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Wellington Live’s First Documentary – Protested: Our City Recovers and Reflects

On the 6th of February 2022, Wellington saw flocks of anti-vaccine and anti-mandate protestors convoy into the city centre to protest outside of Parliament. Over the following 24 days, these protestors set up camp on the grounds outside of Parliament and refused to leave, ultimately ending with the March 2nd riot. We share our experience with the protest and show just how out of control things got.


When the protestors first arrived at Parliament grounds, nobody could predict the extent of their occupation. It was estimated that at its largest, the protest had amassed 6000 participants, with hundreds of people arriving each day. Some that were participating fell under the category of conspiracy theorists, who doubted the extremity of Covid-19 and believed that the mandates were put in place solely for government control over the people. In an interview with us, Sue Grey claimed “What we’re really dealing with is another version of the common cold, that has been hyped up into something that has terrified people.” As of the 9th of June, there have been 6.3 million Covid related deaths, 1,216 of those right here in New Zealand. 


At first, feeble attempts were made by the government in an effort to get the protestors to leave. ‘Musical torture’ was carried out, with speakers blasting songs like ‘Baby Shark’ and ‘Macarena’, although it was clear that this would not deter the protestors, who simply danced and sang along. A trespass notice was also issued by the government, however, this was largely ignored. 

On the 12th day, we were invited to talk to Sue Grey – one of the unofficial organisers of the protest. Grey enforced the idea that the group at Parliament was unified in wanting just one thing – for the government to drop the mandates; “We’re grown-ups, let us choose for ourselves what precautions we need to take.” Another idea that Grey tried to drill into us was that the protest was, at its core, peaceful. “I’ve seen more smiles and more hugs and more laughter than I’ve seen in the last two years.”


It wasn’t long before we discovered this was far from the truth. After being invited by Sue to see the protest for ourselves, our reporter Graham Bloxham and cameraman Joseph Parr attempted to enter what was then referred to as ‘Camp Freedom’, or the ‘Freedom Festival’. It was at this point that the so-called loving, friendly environment turned hostile. ‘Hold the line’ was screamed repeatedly, while sirens screeched through megaphones held by angry protestors. There was no attempt from protestors to cease the violence, and Parr was shoved from the gates while Bloxham was dragged away in a headlock. Bloxham suffered injuries including bruises and scratches on his face; “I got the full wrath of the violence that was down there”. Parr likened the experience to intruders that had been caught at the gate and highlighted the hypocrisy of this. The primary basis for protestors arguing that their occupation was completely within the bounds of the law was that Parliament’s ground is public, and the people of Wellington had a right to be there. Interestingly enough this logic did not apply to the people who protestors did not want to be present, including the media.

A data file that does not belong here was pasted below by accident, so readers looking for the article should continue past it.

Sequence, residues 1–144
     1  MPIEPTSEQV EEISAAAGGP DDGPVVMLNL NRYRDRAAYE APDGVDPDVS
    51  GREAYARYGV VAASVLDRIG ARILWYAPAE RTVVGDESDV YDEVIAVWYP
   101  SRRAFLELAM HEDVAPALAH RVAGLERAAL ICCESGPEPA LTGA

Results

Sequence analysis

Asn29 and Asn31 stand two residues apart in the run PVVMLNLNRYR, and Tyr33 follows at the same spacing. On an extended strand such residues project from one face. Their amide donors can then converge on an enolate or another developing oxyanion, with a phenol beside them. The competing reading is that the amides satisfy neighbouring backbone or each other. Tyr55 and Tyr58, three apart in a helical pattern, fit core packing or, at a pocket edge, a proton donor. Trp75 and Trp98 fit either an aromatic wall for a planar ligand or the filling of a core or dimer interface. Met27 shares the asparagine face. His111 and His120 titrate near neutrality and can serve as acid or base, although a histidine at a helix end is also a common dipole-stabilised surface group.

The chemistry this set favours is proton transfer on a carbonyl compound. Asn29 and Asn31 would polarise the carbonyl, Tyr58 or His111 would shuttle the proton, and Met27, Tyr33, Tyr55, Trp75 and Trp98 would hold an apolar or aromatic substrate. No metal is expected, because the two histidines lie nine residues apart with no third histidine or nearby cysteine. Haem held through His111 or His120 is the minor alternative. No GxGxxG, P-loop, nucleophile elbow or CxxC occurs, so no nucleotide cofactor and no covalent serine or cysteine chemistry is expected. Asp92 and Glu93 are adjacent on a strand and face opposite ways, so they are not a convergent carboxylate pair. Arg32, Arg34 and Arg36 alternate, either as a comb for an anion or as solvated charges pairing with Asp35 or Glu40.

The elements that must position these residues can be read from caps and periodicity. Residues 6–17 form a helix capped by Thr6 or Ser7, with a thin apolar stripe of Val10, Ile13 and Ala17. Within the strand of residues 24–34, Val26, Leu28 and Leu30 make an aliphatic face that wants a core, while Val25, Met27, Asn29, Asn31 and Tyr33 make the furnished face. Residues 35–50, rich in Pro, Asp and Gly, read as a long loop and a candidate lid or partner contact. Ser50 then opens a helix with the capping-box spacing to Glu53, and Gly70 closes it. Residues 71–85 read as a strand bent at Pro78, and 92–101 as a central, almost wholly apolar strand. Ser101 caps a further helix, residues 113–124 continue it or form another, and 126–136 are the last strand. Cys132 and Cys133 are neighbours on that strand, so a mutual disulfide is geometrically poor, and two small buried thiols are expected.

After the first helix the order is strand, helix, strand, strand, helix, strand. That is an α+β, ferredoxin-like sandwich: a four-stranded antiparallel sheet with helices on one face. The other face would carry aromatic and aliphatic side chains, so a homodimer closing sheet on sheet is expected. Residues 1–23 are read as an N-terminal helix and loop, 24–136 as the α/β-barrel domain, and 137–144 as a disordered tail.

On the 2nd of March – 24 days since protestors first took over the grounds at Parliament – police moved in. What was supposed to be a simple task of pushing the people out quickly escalated, and in no time a full-blown riot had formed; “It was organised chaos. Chaos in a really violent and incredibly intimidating and nasty way.” Graham Bloxham went to the scene to document it via a Facebook live stream that was subsequently viewed 3 million times before it was deleted. Footage from the live stream shows bricks being thrown into police (some even by children), police water hoses blasting protestors, and much of the camp set ablaze. “I think that the protesters knew they weren’t going to be arrested, so they were enamoured by the fact that they could get away with whatever they did.” A man was even recorded reversing his car at high speed into a crowd of police, who scattered. By the evening, police had succeeded in vacating the camp.


The occupation lasted 24 days, with 250 arrests and 40 police officers injured, and the repercussions of the protest were felt in the months that followed. Businesses near parliament that were forced to close down for the duration of the protest slowly started opening up again, having to clean off graffiti and repair any damages that had been done by protestors. The Victoria University bookstore – Vic Books – was not so fortunate in its recovery. After dealing with extreme damage to the store including a smashed door, and closure during their busiest time of the year – Vic Uni O-Week – Vic Books will sadly be closing down. Workers whose offices were situated near parliament and had to work from home were able to return to their offices once more. Parliament grounds had to be closed to the public while the mess, including all the protestors camping equipment, was cleaned up and the grass resowed. Most of Parliament grounds were officially reopened to the public on Wednesday the 16th of March, and the remainder opened on the Thursday the 23rd of June.

It was a while until a sense of normality returned to Wellington. Mayor Andy Foster said the capital needed to find a way to heal from “the emotional feeling of a home invasion”. This documentary captures the damage done and the wide impact it has had on our city. This publication will continue to write local stories about the businesses and lives that have been affected, and keep updated on the arrests that continue to be made.